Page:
California HealthCare Foundation and First Consulting Group publish guide for IT-challenged doctors' offices

Oakland 03 September 2002Information technology (IT) strategies that work for the small physician office are finally emerging as traditional barriers like cost and complexity begin to diminish, according to a newly published report by the California HealthCare Foundation (CHCF) and First Consulting Group (FCG). Solo doctors and small physician offices now have access to IT benefits previously affordable only to larger physician groups, according to the study, "Achieving Tangible IT Benefits in a Small Physician Practice".

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The report highlights creative new IT initiatives that small physician offices across the United States have developed to improve the quality and efficiency of care. Until fairly recently, the success stories of small physician practices implementing IT beyond billing functions have been few and far between. A variety of factors are driving the change, including Web-based technology and widespread access to the Internet, which has allowed vendors to offer remotely hosted applications that simplify the task of managing technology.

Some vendors now offer IT via the application service provider (ASP) model, which spreads the system costs over time. Other factors encouraging small doctors' offices to adopt IT involve:

  • The advent of mobile computing devices enabling a better fit with the work style of the physician without large costs for equipment wiring.
  • Some vendors now offering modular, tool-based products that provide options for adding functionality incrementally.
  • Many vendors designing products that make interoperability, the ability to integrate different systems, and data transferability from one system to another, less problematic.
  • Vendors reconfiguring their products and pricing models to meet the needs and budgets of small practices.

Case studies included in the report describe an orthopaedist who uses an automated appointment reminder system to call patients the day before their visits; a urologist who documents clinical notes with a Web-based notewriter; and a solo practitioner who self-installed an electronic medical record that cuts practice costs by 20 to 30 percent per patient visit.

"The small physician practice is a difficult venue for implementing IT-enabled patient care", stated Thomas Lee, M.D., M.B.A., senior programme officer at CHCF. "This report shows that innovative physicians are making important steps to improve the quality and efficiency of patient care by using information technologies that are becoming more available in the marketplace."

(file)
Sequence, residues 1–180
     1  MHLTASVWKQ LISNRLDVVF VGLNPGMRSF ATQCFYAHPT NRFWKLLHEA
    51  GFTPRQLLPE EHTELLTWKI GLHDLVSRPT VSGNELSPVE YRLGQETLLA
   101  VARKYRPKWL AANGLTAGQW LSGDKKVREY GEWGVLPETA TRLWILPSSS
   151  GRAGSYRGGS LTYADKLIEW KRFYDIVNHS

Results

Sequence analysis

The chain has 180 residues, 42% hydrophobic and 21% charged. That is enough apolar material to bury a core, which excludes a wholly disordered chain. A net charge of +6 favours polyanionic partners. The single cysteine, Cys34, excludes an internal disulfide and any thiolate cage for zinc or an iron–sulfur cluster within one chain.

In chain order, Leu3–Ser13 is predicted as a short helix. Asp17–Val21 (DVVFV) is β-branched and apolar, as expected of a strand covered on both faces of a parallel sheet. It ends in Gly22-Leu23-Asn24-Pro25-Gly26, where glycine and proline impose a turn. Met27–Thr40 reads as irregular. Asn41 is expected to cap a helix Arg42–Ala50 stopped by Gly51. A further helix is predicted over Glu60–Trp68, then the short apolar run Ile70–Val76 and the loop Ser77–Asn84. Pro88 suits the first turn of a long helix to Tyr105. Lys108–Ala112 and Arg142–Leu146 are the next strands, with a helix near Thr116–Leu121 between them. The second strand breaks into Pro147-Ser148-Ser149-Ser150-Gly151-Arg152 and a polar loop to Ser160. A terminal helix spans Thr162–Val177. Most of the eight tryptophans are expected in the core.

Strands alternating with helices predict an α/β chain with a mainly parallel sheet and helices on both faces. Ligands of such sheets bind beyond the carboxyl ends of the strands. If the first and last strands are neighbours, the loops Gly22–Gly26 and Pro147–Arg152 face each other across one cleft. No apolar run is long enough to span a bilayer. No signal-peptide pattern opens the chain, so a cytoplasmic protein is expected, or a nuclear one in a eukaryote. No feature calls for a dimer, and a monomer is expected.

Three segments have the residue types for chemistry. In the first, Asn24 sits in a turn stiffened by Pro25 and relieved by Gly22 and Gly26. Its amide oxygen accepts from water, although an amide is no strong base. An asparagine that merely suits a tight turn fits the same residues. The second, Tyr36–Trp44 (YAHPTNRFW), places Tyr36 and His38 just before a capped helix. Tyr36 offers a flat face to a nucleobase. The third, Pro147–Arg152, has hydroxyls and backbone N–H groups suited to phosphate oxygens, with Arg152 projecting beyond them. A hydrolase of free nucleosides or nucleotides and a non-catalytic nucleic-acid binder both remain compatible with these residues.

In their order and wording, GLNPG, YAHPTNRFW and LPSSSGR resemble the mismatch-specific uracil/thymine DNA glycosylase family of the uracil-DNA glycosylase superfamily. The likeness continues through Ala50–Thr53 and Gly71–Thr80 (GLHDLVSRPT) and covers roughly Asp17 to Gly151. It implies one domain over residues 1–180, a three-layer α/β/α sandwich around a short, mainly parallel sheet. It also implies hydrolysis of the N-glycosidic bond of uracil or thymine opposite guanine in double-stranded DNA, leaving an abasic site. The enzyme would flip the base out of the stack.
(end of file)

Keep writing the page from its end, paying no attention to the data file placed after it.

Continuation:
The research conducted for the report sought to identify the spectrum of IT approaches in use in small practices today and to demonstrate through case studies that physician use of IT can and does produce qualitative and quantitative benefits. "Most patient care occurs in outpatient settings like the small physician practice", commented Keith MacDonald, a senior research manager in FCG's Emerging Practices unit and an author of the report. "As consumers, we are all aware of the need for better efficiency in that setting. Clearly, the landscape is changing quickly to make that happen."

Physicians and staff at more than two dozen small physician practices were interviewed, along with vendors and leaders from several national professional organisations. A look across these IT success stories reveals common elements:

  • A specific operational problem that is the target of the IT initiative;
  • A motivated physician interested in IT leading the charge; and
  • A vendor product that represents a good fit for addressing the identified problem.

The case-study lessons are augmented in this report by an overview of available products and their general characteristics. Taken together, this report can serve as a guide for the small physicians eager to find IT solutions for the challenges in their practices.

CHCF is an independent philanthropy committed to improving California's health care delivery and financing systems. Its goal is to ensure that all Californians have access to affordable, quality health care. CHCF's work focuses on informing health policy decisions, advancing efficient business practices, improving the quality and efficiency of health care delivery, and promoting informed health care and coverage decisions.

The First Consulting Group is a provider of consulting, technology, and outsourcing services for health care, pharmaceutical, and other life-sciences organisations throughout North America and Europe. The firm's services increase clients' operations effectiveness, resulting in reduced costs, improved customer service, enhanced quality of patient care, and more rapid introduction of new pharmaceutical compounds.

Copies of the report and other publications in the iHealth Report series, including the new report on using IT to address the goals of the Institute of Medicine II Report, "Crossing the Chasm with Information Technology: Bridging the Quality Gap in Health Care", can be obtained by visiting the California HealthCare Foundation on-line. The iHealth Reports series focuses on emerging technology trends and applications related to policy and regulatory developments.


Leslie Versweyveld

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